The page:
Art Spotlight: Fantasy Village

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My name is Davide, I’m 31 years old artist from Italy and a self-taught guy who spends half of his time working on 3D models and the other half to make them look as if they were not 3D made.

I like to design dreamlike scenarios and fantasy characters, focusing on finding my own way to mix many different things together, such as combining handmade sketchy textures with realistic ambient lighting, or low poly fairy-looking models with procedural materials and toony lineart. After a long time (and a millions failed experiment later) I finally came up with something that would like it was drawn by Tim Burton and painted by Hayao Miyazaki, spiced up with some of my personal taste.

Let’s now take a look inside the Island following a breakdown on how the whole scene is made, starting from the base materials until the final compositing. To make things clear I’ll show all the steps by using only the Moka House since the workflow is the same repeated on all the other object in the scene.

Making the base material!

After modeling the Moka House and unwrapping it I used some flat-no-shaded emit material to create the basic color palette of the object. This is super useful when you are planning to work with super fast Cycles setting (10-20 samples, no light bounces at all) and basically have a realtime render preview.

Since I was looking for having some handpainted-like effect I’ve worked on this material node:

Even if it looks so big, the node is not so hard to figure out:

  • Base color is selected, then it goes into 4 different Hue/Saturation nodes in order to create 4 different darker/lighter variance of the base color.
  • The different colors are then mixed by using some procedural Musgrave, Noise and Wave texture as Fac. The first node group (ORANGE) creates some bigger color variance randomly over the mesh, the second node group (GREEN) makes some tiny lines and curves to simulate brush strokes, the third one (AZURE) adds some final noise and contour effect on the surface.

As you can see on the Suzanne below, the outcome is now close to some sorta of hand painted color, made just by Blender’s procedural textures, without any external editing.

Baking textures!

The next step is the baking of textures. For the Fantasy Island I’ve made:

  • Diffuse color texture as explained,
  • Hard Shadow textures; by using a flat black/white toon material and just one sun light with 0 size,
  • Scratches textures, made by applying a handmade scratch textures, randomly displaced all over the building,
  • Ambient Occlusion and Normal Map textures, which I’m not going to talk about because they are just made by baking them with the standard Blender setting into the bake tab.

Diffuse, Hard Shadow and Scratches texture are then edited all together to create one detailed color texture. With just a simple diffuse material and some AO/Bump in the node this is the final result of our baking process!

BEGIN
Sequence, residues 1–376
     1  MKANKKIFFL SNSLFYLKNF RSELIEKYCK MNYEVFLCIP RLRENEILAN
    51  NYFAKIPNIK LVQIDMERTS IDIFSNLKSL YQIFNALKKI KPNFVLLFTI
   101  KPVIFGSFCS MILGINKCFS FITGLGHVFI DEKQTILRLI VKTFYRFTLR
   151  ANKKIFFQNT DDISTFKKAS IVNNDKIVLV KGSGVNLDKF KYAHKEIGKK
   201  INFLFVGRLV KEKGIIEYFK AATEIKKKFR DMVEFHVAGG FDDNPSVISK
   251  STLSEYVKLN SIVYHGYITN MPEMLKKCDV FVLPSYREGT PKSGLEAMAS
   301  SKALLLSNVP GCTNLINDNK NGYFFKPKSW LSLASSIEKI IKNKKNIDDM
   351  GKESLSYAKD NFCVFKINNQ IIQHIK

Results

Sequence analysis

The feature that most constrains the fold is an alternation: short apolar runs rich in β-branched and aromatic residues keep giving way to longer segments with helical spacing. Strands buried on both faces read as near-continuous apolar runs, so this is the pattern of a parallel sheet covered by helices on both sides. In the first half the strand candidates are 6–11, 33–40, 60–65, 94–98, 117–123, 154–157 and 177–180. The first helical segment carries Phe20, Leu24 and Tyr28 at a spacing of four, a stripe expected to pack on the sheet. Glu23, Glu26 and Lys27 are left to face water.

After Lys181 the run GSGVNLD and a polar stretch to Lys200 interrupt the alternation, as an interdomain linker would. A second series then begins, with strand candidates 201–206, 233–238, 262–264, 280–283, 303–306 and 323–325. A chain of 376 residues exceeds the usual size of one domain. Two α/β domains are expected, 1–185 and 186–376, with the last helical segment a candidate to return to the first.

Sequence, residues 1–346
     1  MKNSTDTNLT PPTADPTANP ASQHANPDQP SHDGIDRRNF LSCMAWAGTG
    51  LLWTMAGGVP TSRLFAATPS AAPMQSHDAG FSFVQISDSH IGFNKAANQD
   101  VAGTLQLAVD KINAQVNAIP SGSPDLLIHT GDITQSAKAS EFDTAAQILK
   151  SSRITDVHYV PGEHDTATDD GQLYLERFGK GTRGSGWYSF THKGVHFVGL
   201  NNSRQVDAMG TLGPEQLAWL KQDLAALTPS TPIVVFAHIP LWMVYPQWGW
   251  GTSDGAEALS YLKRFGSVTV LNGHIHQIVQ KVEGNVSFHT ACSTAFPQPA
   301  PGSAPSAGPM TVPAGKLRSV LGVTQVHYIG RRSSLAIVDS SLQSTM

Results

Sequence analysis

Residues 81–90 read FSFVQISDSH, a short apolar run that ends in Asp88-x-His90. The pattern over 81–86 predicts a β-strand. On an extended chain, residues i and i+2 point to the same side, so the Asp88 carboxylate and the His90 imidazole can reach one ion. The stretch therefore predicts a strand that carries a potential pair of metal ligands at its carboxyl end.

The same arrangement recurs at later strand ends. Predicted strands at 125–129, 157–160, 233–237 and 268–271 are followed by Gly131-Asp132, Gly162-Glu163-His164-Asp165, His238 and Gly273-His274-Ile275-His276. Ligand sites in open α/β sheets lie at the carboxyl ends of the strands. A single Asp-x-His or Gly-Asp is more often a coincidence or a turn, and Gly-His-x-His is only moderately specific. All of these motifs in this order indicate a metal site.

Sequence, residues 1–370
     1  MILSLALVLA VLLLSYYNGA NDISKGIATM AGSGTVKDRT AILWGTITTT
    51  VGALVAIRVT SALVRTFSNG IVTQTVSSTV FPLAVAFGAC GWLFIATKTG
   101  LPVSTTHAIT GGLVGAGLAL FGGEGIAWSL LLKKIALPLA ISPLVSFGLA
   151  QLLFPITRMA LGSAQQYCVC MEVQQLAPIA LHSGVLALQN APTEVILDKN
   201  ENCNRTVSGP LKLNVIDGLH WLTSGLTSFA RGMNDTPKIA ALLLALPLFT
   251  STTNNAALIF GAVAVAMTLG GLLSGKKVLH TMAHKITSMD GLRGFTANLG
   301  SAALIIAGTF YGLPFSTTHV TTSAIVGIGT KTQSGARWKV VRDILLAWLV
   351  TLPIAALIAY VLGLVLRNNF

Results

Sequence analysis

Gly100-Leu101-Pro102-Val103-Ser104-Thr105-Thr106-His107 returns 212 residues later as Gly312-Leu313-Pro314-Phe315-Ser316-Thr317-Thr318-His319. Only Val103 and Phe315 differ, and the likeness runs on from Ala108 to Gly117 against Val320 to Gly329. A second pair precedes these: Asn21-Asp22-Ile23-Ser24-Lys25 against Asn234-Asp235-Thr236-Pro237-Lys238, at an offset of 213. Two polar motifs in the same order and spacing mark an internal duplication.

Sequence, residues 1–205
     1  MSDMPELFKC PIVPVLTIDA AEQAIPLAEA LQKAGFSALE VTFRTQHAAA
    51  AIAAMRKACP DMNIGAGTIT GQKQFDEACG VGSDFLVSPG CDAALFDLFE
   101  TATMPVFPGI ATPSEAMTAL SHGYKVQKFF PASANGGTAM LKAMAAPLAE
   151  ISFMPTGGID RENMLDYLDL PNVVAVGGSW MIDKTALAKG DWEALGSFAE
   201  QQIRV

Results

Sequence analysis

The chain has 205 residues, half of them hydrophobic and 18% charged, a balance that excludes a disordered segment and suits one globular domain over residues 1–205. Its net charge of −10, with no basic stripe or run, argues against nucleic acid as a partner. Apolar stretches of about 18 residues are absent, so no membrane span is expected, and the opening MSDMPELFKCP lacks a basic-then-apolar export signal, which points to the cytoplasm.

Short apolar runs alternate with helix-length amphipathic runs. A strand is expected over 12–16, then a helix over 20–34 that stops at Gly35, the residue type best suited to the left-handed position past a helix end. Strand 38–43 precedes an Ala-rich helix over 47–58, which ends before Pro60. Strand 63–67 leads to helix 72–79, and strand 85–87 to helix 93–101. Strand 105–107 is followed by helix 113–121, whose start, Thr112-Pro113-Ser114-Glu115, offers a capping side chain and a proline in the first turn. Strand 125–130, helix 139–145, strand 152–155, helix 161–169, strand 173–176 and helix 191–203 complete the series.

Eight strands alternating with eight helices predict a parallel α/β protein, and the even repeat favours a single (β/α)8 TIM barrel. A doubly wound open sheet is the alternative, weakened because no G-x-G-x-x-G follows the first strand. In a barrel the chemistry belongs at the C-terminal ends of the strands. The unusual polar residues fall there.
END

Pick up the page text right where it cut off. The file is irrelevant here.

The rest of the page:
Setting the scene!

After going through the same procedure above for all the scene’s object, it’s time to start compositing the scene.

As for the most of my personal work, I really like to keep things as simple as they could be. In this case, the ground is made starting from an icosphere displaced accordingly to look like an island, and all over it there’s a simple particle system emitting 2-3k of tiny grass hairs.

A displaced plane is used for the ocean, and another one far behind is set for simulating the background. For the final render I’m using just and only diffuse materials,so there’s one sun lamp (with size close to 0) and a small yellow/orange spotlight at the centre of the scene to make things looks warmer. Once everything is done, Cycles is proceeding to render 3 different layer:

  • Shadow only/Ambient Occlusion; to have a better control on balck and white areas during compositing,
  • Freestyle only; with transparency ON and everything in the scene set to be considered as holdout,
  • Diffuse/Base; being the main render, with all the materials and lights set on.

With some minor editing (I’ve used Photoshop for this, but Blender compositor is working really fine too) it is now just a matter of taste about color balancing, rgb curves, saturation and sharpness to have the image looking like this:

What I try to do with everyone of my works is creating something immersive and inspiring. Unfortunally sometimes this can be hard and being inspired is not enough for someone like me which has not so much knowledge about the whole animation process, and everything I’m creating are just images.

But at this point, this is where Sketchfab allowed me to move a step further!

Creating such a little scene like a small universe in a shell and watching people navigate into them and enjoying it was really satisfying! Even if nothing is really moving into there, having a chance to fly into the scene, surrounded by lights and music was such a beautiful experience, and today, exporting my creation on sketchfab has become an ordinary part of my daily workflow 🙂

Thanks for reading this little story about the background of the Fantasy Village! If you want to discover more about my works, you are welcome to come find me on Sketchfab, ArtStation, Behance or Facebook and hitting me me up to talk about digital art, gaming, Italian food and cute dog gifs 🙂

About the author

Davide Pellino

I'm BoBo, working on some lowpoly fantasy stuff ready to be used in your animation and games!


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  • Jose says:

    wow, I really enjoyed reading through all the creation process, very inspiring!

  • Pedro says:

    Good work, very inspiring! Could I ask how you did the texture nodes? I’ve been trying to make low poly art with the painting look but haven’t been able to find anything on how to make the kind of look you created on your image.

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